One of my favorite reads ever was How to Lie with Statistics. Darrell Huff’s 1954 book is simple, yet valuable. It basically outlines how statistics are used to draw incorrect conclusions. And with that in mind, I decided to use the invaluable Play Index at BBREF to draw some incorrect conclusions about players appearing on the BBWAA ballot for the first time this year. Again, I’m using this wonderful tool for evil, not for good. Oh, and I’ll later address how people just make crap up.
Casey Blake: There’s not another short(ish) career player (4500 at-bats or fewer) who has Casey Blake’s H, HR, OBP, OPS+, and defensive profile who isn’t in the Hall of Fame.
Pat Burrell: No left fielder has ever been denied by the Hall who was the equal of Pat the Bat in terms of OBP, in HR, in BB, and in terms of his value on the bases.
Orlando Cabrera: The Hall has ever denied a shortstop who has reached Cabrera’s career HR, RBI, and 2B totals.
Mike Cameron: The Hall has never denied a single player – not one – who can match Cameron in H, HR, SB, and Rfield.
J.D. Drew: No right fielder who can match Drew in OBP, SLG, H, and SB has ever been rejected by the Hall.
Carlos Guillen: Not one shortstop with the OBP of Guillen has ever been denied by the Hall if they also can match his HR, SB, and BB.
Derrek Lee: There’s not a single first baseman ever who the Hall has denied with the OBP and SLG of Lee while also posting his 3B and HR numbers (unless they once wagged their finger at Congress).
Melvin Mora: The Hall hasn’t ever denied a third baseman with Mora’s career totals in H and HBP. Not one.
Magglio Ordonez: The Hall has never, ever denied a player with Magglio’s BA and HR total.
Edgar Renteria: Not a single player has been rejected by the Hall if they reached Renteria’s level of OBP, H, HR, and SB.
Arthur Rhodes: If Rhodes doesn’t get into the Hall, he’ll be the first player ever denied with his games pitched and shutout totals.
Freddy Sanchez: No second baseman in history with a batting title, as high a batting average, and as many H and HR as Sanchez has been denied the Hall.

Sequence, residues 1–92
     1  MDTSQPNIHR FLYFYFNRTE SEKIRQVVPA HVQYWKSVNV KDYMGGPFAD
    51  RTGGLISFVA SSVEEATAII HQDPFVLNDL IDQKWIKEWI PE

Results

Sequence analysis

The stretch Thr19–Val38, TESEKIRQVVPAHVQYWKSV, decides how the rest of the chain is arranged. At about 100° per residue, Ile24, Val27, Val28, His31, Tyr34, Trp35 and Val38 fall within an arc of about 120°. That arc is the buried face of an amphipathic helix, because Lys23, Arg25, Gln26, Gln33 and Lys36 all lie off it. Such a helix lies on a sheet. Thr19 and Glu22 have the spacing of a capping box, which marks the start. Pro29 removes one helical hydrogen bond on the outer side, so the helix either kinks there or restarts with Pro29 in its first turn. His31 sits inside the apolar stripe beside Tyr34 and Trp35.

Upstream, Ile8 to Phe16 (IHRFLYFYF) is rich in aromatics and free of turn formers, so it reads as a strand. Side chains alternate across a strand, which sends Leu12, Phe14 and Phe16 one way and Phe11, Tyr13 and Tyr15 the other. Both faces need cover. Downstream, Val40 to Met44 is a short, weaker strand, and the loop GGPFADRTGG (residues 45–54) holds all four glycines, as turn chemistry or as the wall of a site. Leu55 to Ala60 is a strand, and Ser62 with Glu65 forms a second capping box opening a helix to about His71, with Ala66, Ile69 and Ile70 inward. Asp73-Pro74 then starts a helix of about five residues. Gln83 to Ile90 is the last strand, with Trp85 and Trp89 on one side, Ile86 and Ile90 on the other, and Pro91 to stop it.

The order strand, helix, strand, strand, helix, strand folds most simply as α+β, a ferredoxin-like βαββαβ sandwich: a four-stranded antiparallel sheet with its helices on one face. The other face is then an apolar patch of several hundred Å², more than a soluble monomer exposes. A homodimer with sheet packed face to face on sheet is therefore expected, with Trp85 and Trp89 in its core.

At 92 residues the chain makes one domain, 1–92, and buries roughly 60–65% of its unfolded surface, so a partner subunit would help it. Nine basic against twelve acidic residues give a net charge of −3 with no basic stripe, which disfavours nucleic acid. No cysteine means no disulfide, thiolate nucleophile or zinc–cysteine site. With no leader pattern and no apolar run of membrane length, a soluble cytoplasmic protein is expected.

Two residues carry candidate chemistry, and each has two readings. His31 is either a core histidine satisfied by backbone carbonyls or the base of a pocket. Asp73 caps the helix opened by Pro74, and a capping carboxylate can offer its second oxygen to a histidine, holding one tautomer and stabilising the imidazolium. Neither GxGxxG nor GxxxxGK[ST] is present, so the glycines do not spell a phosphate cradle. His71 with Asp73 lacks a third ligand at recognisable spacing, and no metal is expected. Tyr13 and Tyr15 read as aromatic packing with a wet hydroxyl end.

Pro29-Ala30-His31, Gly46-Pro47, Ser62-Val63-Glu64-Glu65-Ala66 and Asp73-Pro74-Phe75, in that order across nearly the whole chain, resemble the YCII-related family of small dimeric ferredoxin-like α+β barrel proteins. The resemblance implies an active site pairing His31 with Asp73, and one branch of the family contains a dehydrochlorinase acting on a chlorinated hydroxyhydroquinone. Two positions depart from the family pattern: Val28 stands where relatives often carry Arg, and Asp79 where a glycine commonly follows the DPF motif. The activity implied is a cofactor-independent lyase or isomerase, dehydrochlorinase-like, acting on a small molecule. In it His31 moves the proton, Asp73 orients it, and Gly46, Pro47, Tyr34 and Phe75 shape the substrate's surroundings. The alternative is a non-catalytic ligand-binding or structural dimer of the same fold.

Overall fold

Matt Stairs: Of players with as many games at DH as Stairs, not one bests him in OBP, HR, and GIDP.
Jason Varitek: There’s not a single catcher in baseball history outside the Hall with multiple rings, a .250 BA, and as many homers as Varitek.
Tim Wakefield: Every single pitcher in history with a World Series ring, more wins, and more saves than Wakefield is in the Hall.
Taken as a group, this is just a silly read. I know that. But taken one at a time, in the context of a larger argument, these statistics, or things like them, are sometimes used as evidence.
Jay Dunn of The Trentonian used such reasoning and worse to justify his vote for Jason Varitek.
“Varitek was the catcher when the Red Sox won championships in 2004 and 2007. He was an iron man on both teams, catcher [sic] almost every game not started by knuckleballer Tim Wakefield. Probably no one, not even David Ortiz or Manny Ramirez, had more to do with the success of those teams than Varitek did.”
There’s silliness, and there’s simple inaccuracy.
- Varitek was hardly the iron man Dunn suggests. In 2004 nine catchers caught more innings. In 2007 seven did. How many iron men can exist each year?
- Yes, Varitek started most every game that Tim Wakefield didn’t. But the reason Varitek didn’t catch Wake is because he couldn’t. He was so bad at it that after just one month of the 2006 season – just one month without Doug Mirabelli – the Sox shipped Josh Bard and Cla Meredith, quite a haul at the time, to the Padres to get someone back (Mirabelli) who could catch Wake.
- Dunn says that it’s probable no one had more to do with the Sox success in those years. Well, I think we could all agree that WAR is a reasonable measure of success, right? Adding the two seasons together, Varitek is behind David Ortiz, Curt Schilling, and Josh Beckett. But that stat is a little misleading. If we look just at 2004, the captain is sixth on the team in WAR. If we look just at 2007, Tek is eleventh on the team.
- Even still, if he were really valuable on two World Series winners, that shouldn’t mean a ticket to the Hall. Pablo Sandoval was the ninth best on the 2012 Giants and the fourth best player on their 2014 winner. Matt Cain was the third best player on their 2010 and 2012 winners. Angel Pagan was the fourth best player in 2012 and the tenth best in 2014. None of those Giants are Hall-worthy. Orlando Hernandez and Paul O’Neill were top-10 players on three Yankee winners. They’re not deserving of the Hall. Tino Martinez and the amazing Ramiro Mendoza were top-ten players on two Yankee champs, and neither one of them can get into the Hall without a ticket.
So the message here is to be wary of weird little statistics. Heck, be wary of much of what you read about the Hall. Too much of it isn’t meaningful. Or even true.